Lincoln University in Pennsylvania was founded in 1854 by John Miller Dickey, a Presbyterian minister and his wife, Sarah Emlen Cresson. It is located on Baltimore Pike in southern Chester County, a rural part of southeastern Pennsylvania. Lincoln was originally founded under the name Ashmun Institute, after the religious leader and social reformer, Jehudi Ashmun, to educate young men of African descent. It is the first degree-awarding school of the Historically Black Colleges and Universities (HBCU) in the United States.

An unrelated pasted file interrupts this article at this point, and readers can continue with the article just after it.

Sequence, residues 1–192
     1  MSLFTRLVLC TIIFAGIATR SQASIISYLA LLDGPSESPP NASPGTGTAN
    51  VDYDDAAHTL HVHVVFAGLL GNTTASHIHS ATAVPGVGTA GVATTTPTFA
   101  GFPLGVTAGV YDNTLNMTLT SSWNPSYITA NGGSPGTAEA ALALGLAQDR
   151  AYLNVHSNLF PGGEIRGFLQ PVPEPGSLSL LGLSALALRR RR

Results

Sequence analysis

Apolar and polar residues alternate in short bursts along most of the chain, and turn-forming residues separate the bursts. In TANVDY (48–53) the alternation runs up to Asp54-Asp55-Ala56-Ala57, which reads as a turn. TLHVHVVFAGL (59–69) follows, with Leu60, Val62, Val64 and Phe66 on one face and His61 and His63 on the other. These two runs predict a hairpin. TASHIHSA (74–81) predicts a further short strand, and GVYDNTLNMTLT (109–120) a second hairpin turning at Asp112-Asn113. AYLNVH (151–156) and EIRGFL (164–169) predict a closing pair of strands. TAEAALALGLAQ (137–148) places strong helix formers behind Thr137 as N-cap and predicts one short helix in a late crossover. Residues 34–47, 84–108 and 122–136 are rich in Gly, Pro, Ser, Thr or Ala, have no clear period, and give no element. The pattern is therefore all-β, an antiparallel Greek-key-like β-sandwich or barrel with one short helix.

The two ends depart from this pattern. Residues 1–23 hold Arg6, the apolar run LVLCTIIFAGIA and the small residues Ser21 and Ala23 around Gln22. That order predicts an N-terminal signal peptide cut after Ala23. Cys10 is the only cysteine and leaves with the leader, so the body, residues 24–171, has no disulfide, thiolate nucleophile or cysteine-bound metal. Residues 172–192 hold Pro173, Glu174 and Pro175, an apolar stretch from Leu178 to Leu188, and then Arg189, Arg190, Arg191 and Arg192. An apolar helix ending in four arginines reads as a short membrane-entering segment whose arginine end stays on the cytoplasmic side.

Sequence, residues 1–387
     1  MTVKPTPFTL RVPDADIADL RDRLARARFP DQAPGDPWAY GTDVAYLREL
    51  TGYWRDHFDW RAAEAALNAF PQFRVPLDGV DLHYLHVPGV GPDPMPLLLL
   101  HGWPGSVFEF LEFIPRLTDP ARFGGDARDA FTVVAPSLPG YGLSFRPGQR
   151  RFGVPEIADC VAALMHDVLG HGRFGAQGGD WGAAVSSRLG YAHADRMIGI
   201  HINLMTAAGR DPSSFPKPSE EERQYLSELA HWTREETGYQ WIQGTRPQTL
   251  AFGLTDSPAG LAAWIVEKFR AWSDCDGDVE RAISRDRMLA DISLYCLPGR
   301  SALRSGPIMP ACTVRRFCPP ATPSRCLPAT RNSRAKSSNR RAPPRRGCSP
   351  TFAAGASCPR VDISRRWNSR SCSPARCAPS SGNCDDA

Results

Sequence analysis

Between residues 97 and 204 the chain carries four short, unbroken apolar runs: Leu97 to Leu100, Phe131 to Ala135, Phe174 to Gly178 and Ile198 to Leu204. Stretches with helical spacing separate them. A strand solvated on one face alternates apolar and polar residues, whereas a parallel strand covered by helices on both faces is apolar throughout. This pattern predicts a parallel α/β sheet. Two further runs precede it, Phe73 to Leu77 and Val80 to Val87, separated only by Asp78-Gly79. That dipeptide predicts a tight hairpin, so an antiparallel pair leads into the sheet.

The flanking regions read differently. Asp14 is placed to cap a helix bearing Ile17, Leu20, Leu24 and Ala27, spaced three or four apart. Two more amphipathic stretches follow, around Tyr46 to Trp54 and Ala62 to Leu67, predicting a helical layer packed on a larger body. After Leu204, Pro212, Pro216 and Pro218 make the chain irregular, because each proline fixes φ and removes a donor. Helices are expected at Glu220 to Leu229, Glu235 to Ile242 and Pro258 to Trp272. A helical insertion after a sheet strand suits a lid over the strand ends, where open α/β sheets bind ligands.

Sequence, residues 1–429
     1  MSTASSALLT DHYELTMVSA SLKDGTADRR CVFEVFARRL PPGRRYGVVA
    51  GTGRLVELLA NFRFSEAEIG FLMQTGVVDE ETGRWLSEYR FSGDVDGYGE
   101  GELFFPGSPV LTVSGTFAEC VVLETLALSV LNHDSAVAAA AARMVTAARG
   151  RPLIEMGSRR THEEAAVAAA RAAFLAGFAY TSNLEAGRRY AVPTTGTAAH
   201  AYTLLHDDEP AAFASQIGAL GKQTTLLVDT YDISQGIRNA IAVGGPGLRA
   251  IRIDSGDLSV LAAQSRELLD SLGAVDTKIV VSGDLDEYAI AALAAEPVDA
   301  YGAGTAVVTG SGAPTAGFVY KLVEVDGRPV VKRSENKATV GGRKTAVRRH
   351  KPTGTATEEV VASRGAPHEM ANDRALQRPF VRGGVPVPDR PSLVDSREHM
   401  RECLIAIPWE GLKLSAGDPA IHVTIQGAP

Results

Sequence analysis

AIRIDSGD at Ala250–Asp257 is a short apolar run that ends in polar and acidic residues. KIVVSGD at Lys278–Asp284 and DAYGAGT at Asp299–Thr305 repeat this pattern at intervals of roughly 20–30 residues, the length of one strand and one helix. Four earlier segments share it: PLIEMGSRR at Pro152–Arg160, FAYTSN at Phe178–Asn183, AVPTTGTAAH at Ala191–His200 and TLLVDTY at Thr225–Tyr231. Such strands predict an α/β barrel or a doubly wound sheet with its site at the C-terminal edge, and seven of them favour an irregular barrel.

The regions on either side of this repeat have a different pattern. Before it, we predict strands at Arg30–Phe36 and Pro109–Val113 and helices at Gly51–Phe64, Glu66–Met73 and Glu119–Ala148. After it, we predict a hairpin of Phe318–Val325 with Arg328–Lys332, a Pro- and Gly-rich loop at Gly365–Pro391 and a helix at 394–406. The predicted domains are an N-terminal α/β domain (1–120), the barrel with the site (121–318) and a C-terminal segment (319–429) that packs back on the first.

Dickey, the first president of the institute, supported the establishment of Liberia as a colony for African Americans and encouraged the Institutes first students to support the movement.
In 1866, about a year after President Abraham Lincoln was assassinated, the school was renamed to Lincoln University. In 1945 Lincoln alumnus, Dr. Horace Mann Bond, was elected to be the first African American president of the University. Lincoln began accepting female students in 1952. In 1972 Lincoln formally associated with the Commonwealth of Pennsylvania and became a state-related coeducational university. It is accredited by the Middle States Association of Colleges and Schools.